Subunit Interactions of Glucose‐6‐Phosphate Dehydrogenase from Human Erythrocytes

P. Cohen, M. A. Rosemeyer

Research output: Contribution to journalArticle

87 Citations (Scopus)

Abstract

Glucose‐6‐phosphate dehydrogenase from human erythrocytes shows successive aggregation‐dissociation equilibria. The effects of salt concentration and pH show that a molecule of 210,000 molecular weight and s20,w of 9.0 S dissociated to a half‐molecule of 105,000 molecular weight and s20,w of 5.6 S. Evidence for this being a discrete dissociation was provided by molecular weight determinations, relation between sedimentation coefficients and molecular weights, and the occurrence of skew patterns at a particular degree of dissociation. Some aggregation of the molecule to give apparent molecular weights above 210,000 occurred at low salt concentrations in the pH range 6–7. Reaction with maleic anhydride gave a species of molecular weight 53,000 and s20,w 3.4 S, indicating that in the native protein the predominant molecular species (210,000) was a tetramer. The nature of the dissociations indicate the dissimilarities between the subunit contacts in the tetrameric molecule. Optimum conditions for the enzyme assay suggest that the dimer contains the essential requirements for the catalytic function of the protein, and the implications of these findings are discussed.

Original languageEnglish
Pages (from-to)8-15
Number of pages8
JournalEuropean Journal of Biochemistry
Volume8
Issue number1
DOIs
Publication statusPublished - Mar 1969

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Oxidoreductases
Erythrocytes
Molecular Weight
Molecular weight
Molecules
Salts
Maleic Anhydrides
Enzyme Assays
Sedimentation
Dimers
Assays
Proteins
Agglomeration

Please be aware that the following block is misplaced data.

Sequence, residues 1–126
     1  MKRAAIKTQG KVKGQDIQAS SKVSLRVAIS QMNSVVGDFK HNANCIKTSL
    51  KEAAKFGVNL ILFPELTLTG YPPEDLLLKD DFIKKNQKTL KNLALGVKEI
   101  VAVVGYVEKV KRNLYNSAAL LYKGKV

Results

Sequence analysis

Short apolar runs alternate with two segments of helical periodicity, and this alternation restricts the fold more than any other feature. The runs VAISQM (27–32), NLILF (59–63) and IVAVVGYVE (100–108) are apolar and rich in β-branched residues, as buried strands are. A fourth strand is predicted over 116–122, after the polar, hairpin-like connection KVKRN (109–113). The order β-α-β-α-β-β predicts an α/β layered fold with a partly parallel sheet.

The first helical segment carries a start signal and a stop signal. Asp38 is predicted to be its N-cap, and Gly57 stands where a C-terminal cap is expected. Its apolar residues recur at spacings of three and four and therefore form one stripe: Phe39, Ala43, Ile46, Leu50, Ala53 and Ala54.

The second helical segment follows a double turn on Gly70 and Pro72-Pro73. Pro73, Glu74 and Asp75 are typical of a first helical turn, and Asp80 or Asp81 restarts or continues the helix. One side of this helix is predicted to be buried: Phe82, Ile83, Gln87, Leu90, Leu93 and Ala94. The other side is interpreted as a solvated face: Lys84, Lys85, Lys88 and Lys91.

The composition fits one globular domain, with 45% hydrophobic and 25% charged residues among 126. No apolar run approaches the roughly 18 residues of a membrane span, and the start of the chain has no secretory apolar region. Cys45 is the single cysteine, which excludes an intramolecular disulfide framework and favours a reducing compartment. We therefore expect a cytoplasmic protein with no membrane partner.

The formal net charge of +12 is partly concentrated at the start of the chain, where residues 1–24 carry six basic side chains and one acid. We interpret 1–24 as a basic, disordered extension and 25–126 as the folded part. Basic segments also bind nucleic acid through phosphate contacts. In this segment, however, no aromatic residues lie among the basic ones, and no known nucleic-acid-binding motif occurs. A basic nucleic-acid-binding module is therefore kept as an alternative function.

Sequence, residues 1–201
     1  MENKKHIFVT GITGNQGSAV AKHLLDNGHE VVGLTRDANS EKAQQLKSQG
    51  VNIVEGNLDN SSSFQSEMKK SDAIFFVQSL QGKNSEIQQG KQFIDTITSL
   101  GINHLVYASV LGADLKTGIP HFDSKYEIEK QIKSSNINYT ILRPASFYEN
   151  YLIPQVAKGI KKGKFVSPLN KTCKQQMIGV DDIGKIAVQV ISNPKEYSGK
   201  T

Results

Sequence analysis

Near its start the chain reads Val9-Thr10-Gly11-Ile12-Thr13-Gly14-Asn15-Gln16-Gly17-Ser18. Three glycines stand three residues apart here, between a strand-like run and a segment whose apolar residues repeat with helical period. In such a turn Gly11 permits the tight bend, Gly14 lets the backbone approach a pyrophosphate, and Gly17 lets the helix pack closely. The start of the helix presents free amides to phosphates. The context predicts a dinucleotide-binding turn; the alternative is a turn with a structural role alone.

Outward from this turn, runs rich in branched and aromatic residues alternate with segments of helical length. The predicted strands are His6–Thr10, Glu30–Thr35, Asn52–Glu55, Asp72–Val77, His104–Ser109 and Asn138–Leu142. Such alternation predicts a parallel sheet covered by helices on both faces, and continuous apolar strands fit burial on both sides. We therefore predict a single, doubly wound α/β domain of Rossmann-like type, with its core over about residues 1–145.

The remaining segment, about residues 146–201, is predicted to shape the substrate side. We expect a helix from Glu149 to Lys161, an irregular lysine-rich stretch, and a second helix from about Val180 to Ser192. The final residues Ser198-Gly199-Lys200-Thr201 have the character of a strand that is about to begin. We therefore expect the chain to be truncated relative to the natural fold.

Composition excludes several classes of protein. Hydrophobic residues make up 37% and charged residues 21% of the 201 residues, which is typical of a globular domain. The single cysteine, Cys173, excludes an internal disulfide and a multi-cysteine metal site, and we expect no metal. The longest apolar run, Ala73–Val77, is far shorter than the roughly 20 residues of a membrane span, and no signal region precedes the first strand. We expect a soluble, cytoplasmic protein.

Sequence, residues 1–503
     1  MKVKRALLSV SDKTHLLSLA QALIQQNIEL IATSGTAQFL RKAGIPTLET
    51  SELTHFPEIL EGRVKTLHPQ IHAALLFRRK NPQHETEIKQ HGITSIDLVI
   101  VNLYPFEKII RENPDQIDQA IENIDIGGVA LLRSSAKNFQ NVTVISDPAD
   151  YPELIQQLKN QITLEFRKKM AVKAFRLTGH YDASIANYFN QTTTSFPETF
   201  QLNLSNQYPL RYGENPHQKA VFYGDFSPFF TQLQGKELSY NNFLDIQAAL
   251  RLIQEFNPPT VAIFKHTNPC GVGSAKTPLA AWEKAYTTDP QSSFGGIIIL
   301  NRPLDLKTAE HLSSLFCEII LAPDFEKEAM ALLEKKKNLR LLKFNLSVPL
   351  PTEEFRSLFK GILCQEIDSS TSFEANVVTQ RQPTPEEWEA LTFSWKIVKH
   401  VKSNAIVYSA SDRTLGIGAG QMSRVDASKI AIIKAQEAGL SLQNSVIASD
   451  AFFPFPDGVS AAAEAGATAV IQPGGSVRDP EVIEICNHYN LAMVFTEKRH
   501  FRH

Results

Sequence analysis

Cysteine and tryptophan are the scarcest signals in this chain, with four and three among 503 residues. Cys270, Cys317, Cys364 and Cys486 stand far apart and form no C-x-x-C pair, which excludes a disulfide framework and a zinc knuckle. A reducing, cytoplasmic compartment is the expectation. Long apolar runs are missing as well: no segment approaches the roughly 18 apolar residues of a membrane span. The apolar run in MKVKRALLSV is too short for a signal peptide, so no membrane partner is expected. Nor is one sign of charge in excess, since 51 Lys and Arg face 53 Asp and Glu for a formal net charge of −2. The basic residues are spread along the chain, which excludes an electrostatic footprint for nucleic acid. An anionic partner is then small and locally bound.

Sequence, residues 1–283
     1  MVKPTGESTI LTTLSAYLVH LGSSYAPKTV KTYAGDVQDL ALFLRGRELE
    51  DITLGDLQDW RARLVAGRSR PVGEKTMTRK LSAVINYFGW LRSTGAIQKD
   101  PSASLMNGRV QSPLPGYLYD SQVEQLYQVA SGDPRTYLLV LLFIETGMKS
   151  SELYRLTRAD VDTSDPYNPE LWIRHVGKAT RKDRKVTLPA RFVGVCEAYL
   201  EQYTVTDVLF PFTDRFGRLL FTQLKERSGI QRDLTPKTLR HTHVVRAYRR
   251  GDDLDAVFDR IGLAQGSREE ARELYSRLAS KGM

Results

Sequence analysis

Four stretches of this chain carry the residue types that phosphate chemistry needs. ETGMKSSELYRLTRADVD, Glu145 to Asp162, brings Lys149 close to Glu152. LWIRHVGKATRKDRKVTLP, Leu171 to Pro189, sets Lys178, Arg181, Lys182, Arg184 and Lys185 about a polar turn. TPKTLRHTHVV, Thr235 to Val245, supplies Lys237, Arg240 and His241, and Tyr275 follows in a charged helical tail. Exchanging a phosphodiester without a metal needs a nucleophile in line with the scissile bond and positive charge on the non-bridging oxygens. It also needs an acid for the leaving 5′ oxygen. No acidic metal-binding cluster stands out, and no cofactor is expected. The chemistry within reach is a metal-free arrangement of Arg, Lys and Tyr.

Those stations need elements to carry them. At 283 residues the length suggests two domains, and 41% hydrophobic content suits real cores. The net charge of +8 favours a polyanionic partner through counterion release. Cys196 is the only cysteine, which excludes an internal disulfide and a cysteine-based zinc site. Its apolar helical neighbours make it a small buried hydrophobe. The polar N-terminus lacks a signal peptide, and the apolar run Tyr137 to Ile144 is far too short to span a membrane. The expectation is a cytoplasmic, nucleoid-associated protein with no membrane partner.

Enzymes

Cite this

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abstract = "Glucose‐6‐phosphate dehydrogenase from human erythrocytes shows successive aggregation‐dissociation equilibria. The effects of salt concentration and pH show that a molecule of 210,000 molecular weight and s20,w of 9.0 S dissociated to a half‐molecule of 105,000 molecular weight and s20,w of 5.6 S. Evidence for this being a discrete dissociation was provided by molecular weight determinations, relation between sedimentation coefficients and molecular weights, and the occurrence of skew patterns at a particular degree of dissociation. Some aggregation of the molecule to give apparent molecular weights above 210,000 occurred at low salt concentrations in the pH range 6–7. Reaction with maleic anhydride gave a species of molecular weight 53,000 and s20,w 3.4 S, indicating that in the native protein the predominant molecular species (210,000) was a tetramer. The nature of the dissociations indicate the dissimilarities between the subunit contacts in the tetrameric molecule. Optimum conditions for the enzyme assay suggest that the dimer contains the essential requirements for the catalytic function of the protein, and the implications of these findings are discussed.",
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Subunit Interactions of Glucose‐6‐Phosphate Dehydrogenase from Human Erythrocytes. / Cohen, P.; Rosemeyer, M. A.

In: European Journal of Biochemistry, Vol. 8, No. 1, 03.1969, p. 8-15.

Research output: Contribution to journalArticle

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AB - Glucose‐6‐phosphate dehydrogenase from human erythrocytes shows successive aggregation‐dissociation equilibria. The effects of salt concentration and pH show that a molecule of 210,000 molecular weight and s20,w of 9.0 S dissociated to a half‐molecule of 105,000 molecular weight and s20,w of 5.6 S. Evidence for this being a discrete dissociation was provided by molecular weight determinations, relation between sedimentation coefficients and molecular weights, and the occurrence of skew patterns at a particular degree of dissociation. Some aggregation of the molecule to give apparent molecular weights above 210,000 occurred at low salt concentrations in the pH range 6–7. Reaction with maleic anhydride gave a species of molecular weight 53,000 and s20,w 3.4 S, indicating that in the native protein the predominant molecular species (210,000) was a tetramer. The nature of the dissociations indicate the dissimilarities between the subunit contacts in the tetrameric molecule. Optimum conditions for the enzyme assay suggest that the dimer contains the essential requirements for the catalytic function of the protein, and the implications of these findings are discussed.

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